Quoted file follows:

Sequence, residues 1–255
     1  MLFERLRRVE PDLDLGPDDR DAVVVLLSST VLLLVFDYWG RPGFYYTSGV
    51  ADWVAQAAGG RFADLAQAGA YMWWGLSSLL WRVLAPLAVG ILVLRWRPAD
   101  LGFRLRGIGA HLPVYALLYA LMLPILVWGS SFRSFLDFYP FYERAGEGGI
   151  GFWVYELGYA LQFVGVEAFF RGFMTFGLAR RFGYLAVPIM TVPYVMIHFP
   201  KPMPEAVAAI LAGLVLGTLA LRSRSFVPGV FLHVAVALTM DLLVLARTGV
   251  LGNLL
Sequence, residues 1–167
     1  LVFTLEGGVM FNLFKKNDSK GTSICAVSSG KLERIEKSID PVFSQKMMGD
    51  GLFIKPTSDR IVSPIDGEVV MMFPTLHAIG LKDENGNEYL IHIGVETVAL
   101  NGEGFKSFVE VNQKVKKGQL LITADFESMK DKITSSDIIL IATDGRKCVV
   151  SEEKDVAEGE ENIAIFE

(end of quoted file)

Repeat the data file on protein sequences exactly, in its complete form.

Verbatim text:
Sequence, residues 1–255
     1  MLFERLRRVE PDLDLGPDDR DAVVVLLSST VLLLVFDYWG RPGFYYTSGV
    51  ADWVAQAAGG RFADLAQAGA YMWWGLSSLL WRVLAPLAVG ILVLRWRPAD
   101  LGFRLRGIGA HLPVYALLYA LMLPILVWGS SFRSFLDFYP FYERAGEGGI
   151  GFWVYELGYA LQFVGVEAFF RGFMTFGLAR RFGYLAVPIM TVPYVMIHFP
   201  KPMPEAVAAI LAGLVLGTLA LRSRSFVPGV FLHVAVALTM DLLVLARTGV
   251  LGNLL
Sequence, residues 1–167
     1  LVFTLEGGVM FNLFKKNDSK GTSICAVSSG KLERIEKSID PVFSQKMMGD
    51  GLFIKPTSDR IVSPIDGEVV MMFPTLHAIG LKDENGNEYL IHIGVETVAL
   101  NGEGFKSFVE VNQKVKKGQL LITADFESMK DKITSSDIIL IATDGRKCVV
   151  SEEKDVAEGE ENIAIFE